It’s no bed of roses and it’s no pleasure cruise, by which I mean that this episode sees both Kiki and Gallardo taken down a peg or two. But, naturally, they’re not going to stay down for long — and at least Gallardo is going to be climbing over some corpses to get there.
Nava has been such a pain in the ass from the start that I am honestly stunned every time he makes it out of a scene alive. DFS association be damned, his number is way, way overdue and I cannot wait for him to be out of the picture! To be fair, it seems like the people around Gallardo are starting to feel the same way, and for good reason.
Rafa and his girlfriend carry out a kidnapping hoax so they can gallivant around together, but what they fail to take into account is the fact that her father is the Minister of Education and therefore very well-connected. The political machine — so slow to seek any kind of justice when it really counts — revs into action in order to get her back, and to get Rafa’s head on a plate. Against his better judgment, Gallardo negotiates for Rafa’s safety, which is where Nava comes in.
For the DFS to intervene and smooth things over, Gallardo has to do the favor he turned down in the last episode — and he has to oversee it himself. With Amado flying the plane, Gallardo ends up taking a shipment of guns out to Nicaragua. Taking care of the transfer is — surprise, surprise — Stechner (Eric Lange), who you may remember from previous seasons of Narcos, but he disappears as soon as the plane lands, leaving Amado and Gallardo to get black-bagged and tortured by the group of soldiers who come out to meet the cargo. None of them make any indication that they know who Nava is, meaning that the two of them are stuck without a paddle.
Or, rather, it means that Nava is teaching them a lesson for being too big for their britches. Right as the torture is about to get dire, Stechner steps in, and sends them on their way back to Guadalajara. Before they go, however, Gallardo gets a peek at mountains of cocaine sitting untouched, and immediately puts two and two together as to the fact that there’s a lucrative income stream that’s going untapped. So much for his pledge to stay out of cocaine territory. (He gets knocked down, but he gets back up again!)
Nava is, of course, waiting for him when he gets back to Guadalajara, and gloats that it was a reminder for Gallardo to remember his place. He is so brazen — particularly after showing up at Gallardo’s house when he wasn’t home earlier, which I feel is the kind of move that tends to seal men’s death warrants — that I could practically see the timer running out for him. He’s gotta kick the bucket within the next two episodes, right? Or is that just wishful thinking?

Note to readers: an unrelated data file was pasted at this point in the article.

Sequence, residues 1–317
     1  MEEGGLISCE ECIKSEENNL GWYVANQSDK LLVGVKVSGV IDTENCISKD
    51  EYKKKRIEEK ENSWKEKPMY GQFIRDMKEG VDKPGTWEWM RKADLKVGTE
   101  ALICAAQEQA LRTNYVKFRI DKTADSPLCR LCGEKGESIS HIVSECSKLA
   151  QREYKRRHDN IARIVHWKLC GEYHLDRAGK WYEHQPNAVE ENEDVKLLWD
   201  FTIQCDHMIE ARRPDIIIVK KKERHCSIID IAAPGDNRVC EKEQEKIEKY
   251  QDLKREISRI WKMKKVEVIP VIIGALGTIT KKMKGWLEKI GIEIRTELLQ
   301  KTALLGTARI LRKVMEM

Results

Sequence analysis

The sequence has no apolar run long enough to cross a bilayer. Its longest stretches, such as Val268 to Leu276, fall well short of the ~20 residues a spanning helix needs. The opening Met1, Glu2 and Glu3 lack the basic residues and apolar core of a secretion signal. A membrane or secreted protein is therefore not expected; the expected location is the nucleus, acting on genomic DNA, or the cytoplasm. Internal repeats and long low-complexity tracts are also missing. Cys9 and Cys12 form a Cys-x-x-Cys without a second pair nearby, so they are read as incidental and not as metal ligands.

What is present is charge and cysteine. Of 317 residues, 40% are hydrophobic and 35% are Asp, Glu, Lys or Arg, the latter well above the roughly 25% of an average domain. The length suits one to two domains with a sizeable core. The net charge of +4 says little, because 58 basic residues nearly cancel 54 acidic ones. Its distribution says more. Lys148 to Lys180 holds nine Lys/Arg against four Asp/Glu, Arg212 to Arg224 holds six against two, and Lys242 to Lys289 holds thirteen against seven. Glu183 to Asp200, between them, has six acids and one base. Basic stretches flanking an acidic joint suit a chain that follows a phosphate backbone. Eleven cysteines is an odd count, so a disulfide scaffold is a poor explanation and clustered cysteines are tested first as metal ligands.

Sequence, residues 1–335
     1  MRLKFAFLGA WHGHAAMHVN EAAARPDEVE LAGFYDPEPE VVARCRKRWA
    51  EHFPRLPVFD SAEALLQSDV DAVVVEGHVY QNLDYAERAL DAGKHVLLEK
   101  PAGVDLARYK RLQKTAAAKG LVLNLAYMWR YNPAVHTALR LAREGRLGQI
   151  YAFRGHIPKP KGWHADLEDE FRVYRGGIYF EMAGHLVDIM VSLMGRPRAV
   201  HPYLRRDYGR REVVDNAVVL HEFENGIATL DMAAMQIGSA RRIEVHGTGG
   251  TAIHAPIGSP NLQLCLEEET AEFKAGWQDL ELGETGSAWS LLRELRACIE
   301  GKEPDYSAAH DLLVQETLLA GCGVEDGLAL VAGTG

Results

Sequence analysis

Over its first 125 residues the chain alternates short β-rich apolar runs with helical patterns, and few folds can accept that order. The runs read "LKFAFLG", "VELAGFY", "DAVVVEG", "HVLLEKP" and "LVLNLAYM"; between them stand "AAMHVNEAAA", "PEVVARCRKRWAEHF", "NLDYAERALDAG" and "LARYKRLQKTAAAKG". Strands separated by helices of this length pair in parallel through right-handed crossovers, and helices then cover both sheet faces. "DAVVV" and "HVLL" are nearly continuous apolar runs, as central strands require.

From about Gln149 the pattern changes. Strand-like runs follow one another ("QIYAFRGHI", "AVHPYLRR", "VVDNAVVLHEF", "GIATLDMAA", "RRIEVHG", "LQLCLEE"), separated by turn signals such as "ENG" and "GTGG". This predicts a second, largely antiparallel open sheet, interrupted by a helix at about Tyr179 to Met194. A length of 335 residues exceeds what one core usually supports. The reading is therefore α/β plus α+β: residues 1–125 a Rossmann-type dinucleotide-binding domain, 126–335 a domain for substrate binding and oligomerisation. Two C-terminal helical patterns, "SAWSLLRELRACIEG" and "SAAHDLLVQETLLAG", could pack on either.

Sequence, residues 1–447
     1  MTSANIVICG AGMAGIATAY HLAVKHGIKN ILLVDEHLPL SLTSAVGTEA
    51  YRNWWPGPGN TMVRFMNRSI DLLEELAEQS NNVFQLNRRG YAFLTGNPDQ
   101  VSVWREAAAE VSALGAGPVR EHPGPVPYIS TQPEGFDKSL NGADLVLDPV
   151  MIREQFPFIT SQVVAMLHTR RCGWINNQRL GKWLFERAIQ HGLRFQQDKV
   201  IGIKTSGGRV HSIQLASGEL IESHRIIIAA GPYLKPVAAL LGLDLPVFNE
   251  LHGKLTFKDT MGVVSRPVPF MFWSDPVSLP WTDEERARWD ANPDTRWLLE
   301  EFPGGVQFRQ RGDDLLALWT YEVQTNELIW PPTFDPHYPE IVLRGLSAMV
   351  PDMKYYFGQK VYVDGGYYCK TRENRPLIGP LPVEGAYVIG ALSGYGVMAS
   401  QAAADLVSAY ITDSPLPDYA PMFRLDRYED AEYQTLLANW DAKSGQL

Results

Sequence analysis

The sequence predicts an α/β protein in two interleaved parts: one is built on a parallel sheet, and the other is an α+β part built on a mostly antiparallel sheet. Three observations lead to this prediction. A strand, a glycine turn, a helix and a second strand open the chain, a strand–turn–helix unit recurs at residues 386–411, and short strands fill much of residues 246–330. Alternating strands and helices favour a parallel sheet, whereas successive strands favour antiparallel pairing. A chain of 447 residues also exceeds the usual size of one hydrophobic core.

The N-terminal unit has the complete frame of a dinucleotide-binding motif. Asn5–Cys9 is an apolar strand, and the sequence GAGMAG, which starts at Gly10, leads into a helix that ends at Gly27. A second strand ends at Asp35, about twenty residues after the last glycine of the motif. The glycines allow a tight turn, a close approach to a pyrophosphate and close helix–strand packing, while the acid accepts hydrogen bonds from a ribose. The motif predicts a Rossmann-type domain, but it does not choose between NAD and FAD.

Meanwhile, Kiki is dealing with the same bureaucratic walls that have been impeding him from the start. For a stretch, it looks like he might finally be able to move on the gangsters who’ve been doing their business with relative impunity this whole time. Rafa’s mistake, which has the government on his tail, means that Kiki is finally free to be as aggressive as he’s wanted to be.
He also gets teamed up with Guillermo González Calderoni (Julio César Cedillo), known as “the Eliot Ness of Mexico,” to get the job done. Unfortunately, their respective methods for working a case immediately begin to clash, as Kiki is thorough whereas Calderoni is a bull in a china shop. He beats Kiki’s informant black and blue — meaning Kiki will never be able to press him again — and immediately applies the pressure on Kiki’s neighbor, who works at a phone company, after Kiki notes that they might be able to use him to get to phone records that would give up Rafa’s location.
Though it all works — they find the compound and end up literally feet away from Rafa — the bust is called off at the last minute by their bosses. The agreement that Gallardo and Nava came to has saved Rafa in the nick of time. Kiki is understandably furious, and is still so preoccupied by the time he gets home that his wife leaves him stewing in the dark, alone except for the twinkling lights on his Christmas tree.
As weird as it is to say, Don Neto is the only one who has a relatively chill time in this episode. Though he blows his assignment of babysitting Rafa by getting them both extremely high on cocaine and essentially reenacting the shirts scene from The Great Gatsby except with record sleeves (as they extol the virtues of CDs), he ends the episode in a position of net gain. While on a beer run, he’s apprehended by a cop after he falls asleep at the wheel and crashes his car (gently) into a wall. When the cop, Sammy (Guillermo Villegas), realizes exactly who he’s apprehended, he drives Don Neto home — and is rewarded with a job as Neto’s new driver. Godspeed, Sammy!
Seeds and Stems
• Rafa isn’t dumb, but he’s a little dumb. As with his Scarface obsession, his relationship with Sofia (Tessa Ia) has a movie peg — Bonnie & Clyde. There’s a cute subversion in that she’s Clyde and he’s Bonnie, but, again, we all know how that movie ends.
• Rafa and Don Neto gleefully chanting, “Doesn’t skip! Doesn’t skip! Doesn’t skip!” about CDs is still one of the funniest things I’ve ever seen.
• Another Don Neto bon mot: “You hit me. I should kill you, but it’s Christmas.”